2D Forces in Horizontal and Vertical Planes

by Patrick Ford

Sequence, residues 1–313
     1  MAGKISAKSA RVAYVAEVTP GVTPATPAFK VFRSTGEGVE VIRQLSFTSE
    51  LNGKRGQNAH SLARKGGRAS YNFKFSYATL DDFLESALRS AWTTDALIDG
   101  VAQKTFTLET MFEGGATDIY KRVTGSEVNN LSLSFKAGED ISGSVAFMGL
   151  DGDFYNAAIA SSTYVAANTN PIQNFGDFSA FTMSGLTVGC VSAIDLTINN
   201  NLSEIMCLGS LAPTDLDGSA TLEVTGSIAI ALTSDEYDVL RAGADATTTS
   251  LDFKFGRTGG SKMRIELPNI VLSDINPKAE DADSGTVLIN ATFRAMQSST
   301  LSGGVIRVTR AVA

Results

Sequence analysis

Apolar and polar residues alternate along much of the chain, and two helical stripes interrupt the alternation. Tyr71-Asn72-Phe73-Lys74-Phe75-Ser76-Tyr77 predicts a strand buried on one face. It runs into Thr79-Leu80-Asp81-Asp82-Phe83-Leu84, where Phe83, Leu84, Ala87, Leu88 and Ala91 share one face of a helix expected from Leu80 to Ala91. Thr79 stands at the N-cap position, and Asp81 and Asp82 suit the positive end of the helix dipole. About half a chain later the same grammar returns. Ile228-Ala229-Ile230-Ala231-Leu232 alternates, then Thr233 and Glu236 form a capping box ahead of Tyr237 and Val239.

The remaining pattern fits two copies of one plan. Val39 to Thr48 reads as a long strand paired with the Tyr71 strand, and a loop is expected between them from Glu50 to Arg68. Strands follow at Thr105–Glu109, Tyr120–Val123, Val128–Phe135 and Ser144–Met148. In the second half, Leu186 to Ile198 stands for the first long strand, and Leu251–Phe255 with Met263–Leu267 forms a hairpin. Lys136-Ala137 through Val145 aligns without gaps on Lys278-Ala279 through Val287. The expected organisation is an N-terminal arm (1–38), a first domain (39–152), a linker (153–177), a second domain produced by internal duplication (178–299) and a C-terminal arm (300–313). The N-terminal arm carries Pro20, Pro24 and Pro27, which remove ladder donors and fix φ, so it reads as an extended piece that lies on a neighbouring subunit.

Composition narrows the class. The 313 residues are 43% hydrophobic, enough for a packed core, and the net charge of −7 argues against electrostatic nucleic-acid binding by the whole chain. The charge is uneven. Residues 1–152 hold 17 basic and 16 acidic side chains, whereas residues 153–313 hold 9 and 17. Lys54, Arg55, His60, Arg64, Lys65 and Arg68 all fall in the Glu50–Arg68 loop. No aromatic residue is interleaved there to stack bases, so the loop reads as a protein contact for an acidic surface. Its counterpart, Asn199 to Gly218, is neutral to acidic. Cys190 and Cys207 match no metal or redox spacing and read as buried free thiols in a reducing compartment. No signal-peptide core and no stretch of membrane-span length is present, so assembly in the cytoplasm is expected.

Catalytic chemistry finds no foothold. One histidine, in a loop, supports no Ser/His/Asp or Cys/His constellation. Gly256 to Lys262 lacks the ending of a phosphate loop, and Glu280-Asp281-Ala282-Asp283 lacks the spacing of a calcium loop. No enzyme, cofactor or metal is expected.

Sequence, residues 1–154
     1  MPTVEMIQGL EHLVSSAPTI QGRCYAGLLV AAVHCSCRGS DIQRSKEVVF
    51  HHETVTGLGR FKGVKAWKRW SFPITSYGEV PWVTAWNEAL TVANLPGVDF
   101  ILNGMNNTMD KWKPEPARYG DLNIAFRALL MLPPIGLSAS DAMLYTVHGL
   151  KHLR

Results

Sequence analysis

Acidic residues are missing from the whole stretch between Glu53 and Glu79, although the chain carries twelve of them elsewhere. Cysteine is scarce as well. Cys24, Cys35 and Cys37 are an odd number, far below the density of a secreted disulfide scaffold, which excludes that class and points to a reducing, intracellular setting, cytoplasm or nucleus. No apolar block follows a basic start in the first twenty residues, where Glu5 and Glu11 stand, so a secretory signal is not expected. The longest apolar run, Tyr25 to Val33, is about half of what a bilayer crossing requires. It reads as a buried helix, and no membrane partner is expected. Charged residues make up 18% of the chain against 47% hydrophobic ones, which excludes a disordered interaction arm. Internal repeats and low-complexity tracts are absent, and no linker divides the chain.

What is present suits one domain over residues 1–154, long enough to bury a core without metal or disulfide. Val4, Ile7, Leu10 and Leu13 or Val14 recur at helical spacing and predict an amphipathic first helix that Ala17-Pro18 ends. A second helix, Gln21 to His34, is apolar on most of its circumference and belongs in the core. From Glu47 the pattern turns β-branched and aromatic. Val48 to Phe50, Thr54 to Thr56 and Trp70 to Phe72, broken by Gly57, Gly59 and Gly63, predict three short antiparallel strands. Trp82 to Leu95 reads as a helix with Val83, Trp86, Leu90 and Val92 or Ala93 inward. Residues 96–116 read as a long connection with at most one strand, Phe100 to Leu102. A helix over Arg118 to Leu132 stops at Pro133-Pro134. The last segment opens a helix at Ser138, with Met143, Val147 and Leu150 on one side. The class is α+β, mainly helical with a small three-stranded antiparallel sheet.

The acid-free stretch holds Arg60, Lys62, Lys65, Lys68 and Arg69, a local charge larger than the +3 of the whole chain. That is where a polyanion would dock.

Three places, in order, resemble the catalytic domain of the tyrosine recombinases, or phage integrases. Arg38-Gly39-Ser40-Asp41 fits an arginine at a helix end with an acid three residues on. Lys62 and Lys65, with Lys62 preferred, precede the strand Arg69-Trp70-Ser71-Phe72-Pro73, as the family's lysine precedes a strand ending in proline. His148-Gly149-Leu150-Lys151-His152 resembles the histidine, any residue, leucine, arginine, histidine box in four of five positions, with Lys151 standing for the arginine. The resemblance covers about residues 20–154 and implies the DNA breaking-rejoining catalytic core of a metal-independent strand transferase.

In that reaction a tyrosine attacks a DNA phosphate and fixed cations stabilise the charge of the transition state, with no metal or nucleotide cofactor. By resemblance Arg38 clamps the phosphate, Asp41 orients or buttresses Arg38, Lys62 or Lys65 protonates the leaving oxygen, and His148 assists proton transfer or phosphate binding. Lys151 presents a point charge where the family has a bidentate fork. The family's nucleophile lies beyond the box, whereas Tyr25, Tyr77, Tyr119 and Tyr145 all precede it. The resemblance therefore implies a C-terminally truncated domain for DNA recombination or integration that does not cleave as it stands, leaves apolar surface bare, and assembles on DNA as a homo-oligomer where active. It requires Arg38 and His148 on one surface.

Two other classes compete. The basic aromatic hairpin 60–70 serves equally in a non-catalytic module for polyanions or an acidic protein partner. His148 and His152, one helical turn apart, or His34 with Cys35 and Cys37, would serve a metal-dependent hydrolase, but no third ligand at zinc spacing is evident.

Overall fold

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Hey, guys. So in the last call videos we were looking at to use two dimensional forces problems. We had two D forces on a horizontal plane only. So if you were looking at a table top and you were looking down like this, those forces would be pointing just along the horizontal. We're gonna keep on going with that. But now we're gonna take a look at some problems where you have two dimensional forces in the horizontal and vertical planes. It's very similar. We're just gonna jump straight into the problem here. So we have a block that's on the floor. It's being pulled by some force. It's 37 degrees above the horizontal, and we're gonna assume there's no friction. But we want to figure out the normal force on the block. So we just stick to the steps. We're gonna draw the free body diagram, so the first thing we do is check the weight for us. So if we have this block that is sitting on the table like this, you're gonna look at it from the side and the weight force is gonna be acting vertically, so it's gonna point down like this. So you gotta wait for us, which is equal to MG. We can actually calculate that real quick. It's 5.1 times 9.8 this out. You're gonna get exactly 50. However, because this points downwards that actually have to pick up a negative sign. It's negative. 50 Newtons. Alright, We know that there's an applied force. This is 10 Newtons at 37 degrees above the horizontal. So what does that mean? Well, if you're looking at this object from the side like this and the horizontal is going to be this way, so 37 degrees above the horizontal means an F force that looks like this. So are applied Force actually points in this direction here. We know this is f A and this is gonna be our 10 Newtons. And we know this is 37 degrees, all right, and then there's no tensions, but we do have two surfaces in contact. That's blocks on the floor. So that means there's gonna be some normal force like this. So there's a normal force, all right. And then there's no friction. Right? So we're done with the free body diagram. Now, before we get into the second step we know we have to decompose are two dimensional forces. I just want to point out one thing In previous problems when we had forces in the horizontal plane, we have to look at these two different views the side view and then the top view. Well, in this case, where you haven't have forces in the horizontal and vertical, you actually don't need this top view. We've accounted for all of our forces in just one diagram. So that's really good about these problems? A little bit simpler. Alright, So lets decompose are two dimensional forces. We've got this applied force at 37 degrees. Somebody's just gonna draw its components. So this is going to be my f A X and this is my f a y Alright. And we can calculate this because we have the magnitude and the angle, right? So f a X, remember, X goes with co sign. So this is gonna be 10 times the coastline of 37 and that's eight. We know this is eight and then our f a y. We know why it goes with a sign. This is going to be 10 signed 37 that's gonna be six. So we know that this is equal to six. And both of these are positive because they point up and to the right, right, these are positive. Okay, so now we just have to write out our ethical remember, we're trying to figure out the normal force that's acting on the block, so we've got to write it out in X and y axis. So in the X axis, we've got some of all forces in the X equals m a X. We've got some of all forces in the Y axis equals m a Y. Now, if we're trying to look for the normal force, right? Remember that this normal force points purely along the X or the Y axis, right? This normal force acts only along the y axis. So we're gonna we're just gonna start with that equals m a in the y axis, because that's where that force belongs, right? So we've got our normal force, which points up. We've got the components of our applied force and the Y axis. That's f a Y. That points up. Remember, we're not going to use F A because that's a two dimensional force we have to use this component that's just in the Y axis. And then we have our MG, which points downwards. And this is a So we're trying to figure out our normal force. We're gonna have to figure out everything else in the equation. We know what the Applied Force component is. We know this is six. We know RMG is 50 down, so we just need to figure out what's the acceleration? Well, just like we did for the equilibrium problems, we're going to take a look at our upward forces and downward forces and see which one wins. So here we've got our components of our applied force, the six that's basically pulling upwards. But the weight force is going to be stronger. So that means that thing is definitely gonna sit on the ground like this, right? It's just going to stay there. So that means that in the Y axis, only this object is at equilibrium. So this acceleration is equal to zero. It doesn't go flying upwards, and it definitely wouldn't go crashing through the floor. That wouldn't make any sense. So what that means is that this object is at equilibrium and all the forces are gonna cancel. So we have. Our normal force is equal to when you move everything over to the other side. M g minus F A y. So this is going to be our 50 minus r six and this is going to be Newton's. So we actually just seen that this looks very similar to what we've done in our equilibrium problems. So what? In these kind of problems, if you're applied, forces are gonna act partially or completely vertically right? We've got this force that is acting partially, vertically. It's that's a two dimensional angle. Then your normal force, as we've seen, is not going to be equal to your mg. I'm just gonna quickly go through these different scenarios that you might see. We've actually seen a lot of this before. There's really just a couple of things you might see. You might see a situation where FAA is partially pushing the block into the ground. And so what we've seen here is that when you break up all of these forces into their components, then your normal force has to cancel out both of these forces. So if you're pushing down your normal force is going to be greater than mg. We've seen that before. And if you're pulling up, but not enough to lift just like we did in this example over here, right. A situation like this, then what happens is that your normal force is going to be less than MG. That's exactly what we saw here. Your normal 40 for where your mg was 50. And then finally, if you're pulling up and it's enough to lift, meaning your upward forces are greater than your downward forces and that means that there is no surface push anymore. The block is gonna go flying like this. And so your normal force is equal to zero. All right, So in most problems, though, what's going to happen is that most problems, your upward forces are going to be less than your downward forces. Basically, these two scenarios like this, and so that means that the object is going to be in equilibrium just in the y axis. So that just means that your forces and the Y axis or to cancel and your acceleration is going to be zero in the Y axis. All right, so just a little comment there. Let's go back and, uh, figure out the second part of this problem here. So the second part, what we're trying to do is figure out the acceleration. So what does that mean? If we're trying to figure out a Well, we just finished saying that the acceleration in the Y axis is going to be zero because it's the neck Librium. So what that means here is we still have some left over forced, right? We still have some components of this applied force that's going to pull this block to the rights. So that means we're really trying to find here is the acceleration in the X axis. So here, in part a, we used f equals M A in the X and Y axis. Now we're just gonna use f equals M E and the X axis. Right? So we've got our f equals m A. There's really only one force to account for, right? There's one force, and that's the F A X, And this is equal to m a X. So we've got this is eight. We know this is gonna be five 0.1 times a X, and so what this means is that your acceleration in the X axis is 1.57 m per second squared, and that's the answer. All right, guys. So that's it for this one. Let me know if you have any questions.